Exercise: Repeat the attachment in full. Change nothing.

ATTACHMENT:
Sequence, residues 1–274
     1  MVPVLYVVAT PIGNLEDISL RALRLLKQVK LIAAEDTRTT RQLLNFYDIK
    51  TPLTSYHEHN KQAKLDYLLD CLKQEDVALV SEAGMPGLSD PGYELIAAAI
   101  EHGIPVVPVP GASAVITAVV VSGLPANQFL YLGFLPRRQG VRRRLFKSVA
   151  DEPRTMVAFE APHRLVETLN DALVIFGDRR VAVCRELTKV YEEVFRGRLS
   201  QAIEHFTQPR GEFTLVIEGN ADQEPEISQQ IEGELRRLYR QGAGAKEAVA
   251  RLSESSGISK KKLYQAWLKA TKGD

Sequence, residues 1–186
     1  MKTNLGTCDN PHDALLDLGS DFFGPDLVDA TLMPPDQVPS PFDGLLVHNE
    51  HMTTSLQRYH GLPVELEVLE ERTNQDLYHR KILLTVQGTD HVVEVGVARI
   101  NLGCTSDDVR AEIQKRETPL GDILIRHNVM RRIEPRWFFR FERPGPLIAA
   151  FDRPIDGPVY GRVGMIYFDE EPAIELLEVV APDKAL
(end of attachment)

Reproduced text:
Sequence, residues 1–274
     1  MVPVLYVVAT PIGNLEDISL RALRLLKQVK LIAAEDTRTT RQLLNFYDIK
    51  TPLTSYHEHN KQAKLDYLLD CLKQEDVALV SEAGMPGLSD PGYELIAAAI
   101  EHGIPVVPVP GASAVITAVV VSGLPANQFL YLGFLPRRQG VRRRLFKSVA
   151  DEPRTMVAFE APHRLVETLN DALVIFGDRR VAVCRELTKV YEEVFRGRLS
   201  QAIEHFTQPR GEFTLVIEGN ADQEPEISQQ IEGELRRLYR QGAGAKEAVA
   251  RLSESSGISK KKLYQAWLKA TKGD

Sequence, residues 1–186
     1  MKTNLGTCDN PHDALLDLGS DFFGPDLVDA TLMPPDQVPS PFDGLLVHNE
    51  HMTTSLQRYH GLPVELEVLE ERTNQDLYHR KILLTVQGTD HVVEVGVARI
   101  NLGCTSDDVR AEIQKRETPL GDILIRHNVM RRIEPRWFFR FERPGPLIAA
   151  FDRPIDGPVY GRVGMIYFDE EPAIELLEVV APDKAL